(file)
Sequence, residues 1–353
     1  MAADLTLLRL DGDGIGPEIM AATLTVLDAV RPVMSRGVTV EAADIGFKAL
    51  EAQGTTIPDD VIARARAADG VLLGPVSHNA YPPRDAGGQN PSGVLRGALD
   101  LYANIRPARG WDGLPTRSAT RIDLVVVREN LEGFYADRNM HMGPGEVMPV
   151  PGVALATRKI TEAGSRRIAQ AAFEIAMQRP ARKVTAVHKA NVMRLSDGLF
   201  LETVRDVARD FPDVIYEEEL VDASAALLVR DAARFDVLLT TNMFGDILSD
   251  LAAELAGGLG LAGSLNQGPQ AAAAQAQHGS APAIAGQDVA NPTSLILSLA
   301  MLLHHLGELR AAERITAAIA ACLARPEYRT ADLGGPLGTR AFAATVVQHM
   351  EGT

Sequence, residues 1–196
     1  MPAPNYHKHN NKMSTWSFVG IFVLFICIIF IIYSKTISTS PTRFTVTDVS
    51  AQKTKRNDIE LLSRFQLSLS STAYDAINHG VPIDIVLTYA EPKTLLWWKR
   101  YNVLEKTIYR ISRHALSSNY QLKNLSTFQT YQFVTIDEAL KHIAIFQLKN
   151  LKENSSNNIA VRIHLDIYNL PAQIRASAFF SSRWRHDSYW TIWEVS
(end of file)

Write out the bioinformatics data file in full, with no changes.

Sequence, residues 1–353
     1  MAADLTLLRL DGDGIGPEIM AATLTVLDAV RPVMSRGVTV EAADIGFKAL
    51  EAQGTTIPDD VIARARAADG VLLGPVSHNA YPPRDAGGQN PSGVLRGALD
   101  LYANIRPARG WDGLPTRSAT RIDLVVVREN LEGFYADRNM HMGPGEVMPV
   151  PGVALATRKI TEAGSRRIAQ AAFEIAMQRP ARKVTAVHKA NVMRLSDGLF
   201  LETVRDVARD FPDVIYEEEL VDASAALLVR DAARFDVLLT TNMFGDILSD
   251  LAAELAGGLG LAGSLNQGPQ AAAAQAQHGS APAIAGQDVA NPTSLILSLA
   301  MLLHHLGELR AAERITAAIA ACLARPEYRT ADLGGPLGTR AFAATVVQHM
   351  EGT

Sequence, residues 1–196
     1  MPAPNYHKHN NKMSTWSFVG IFVLFICIIF IIYSKTISTS PTRFTVTDVS
    51  AQKTKRNDIE LLSRFQLSLS STAYDAINHG VPIDIVLTYA EPKTLLWWKR
   101  YNVLEKTIYR ISRHALSSNY QLKNLSTFQT YQFVTIDEAL KHIAIFQLKN
   151  LKENSSNNIA VRIHLDIYNL PAQIRASAFF SSRWRHDSYW TIWEVS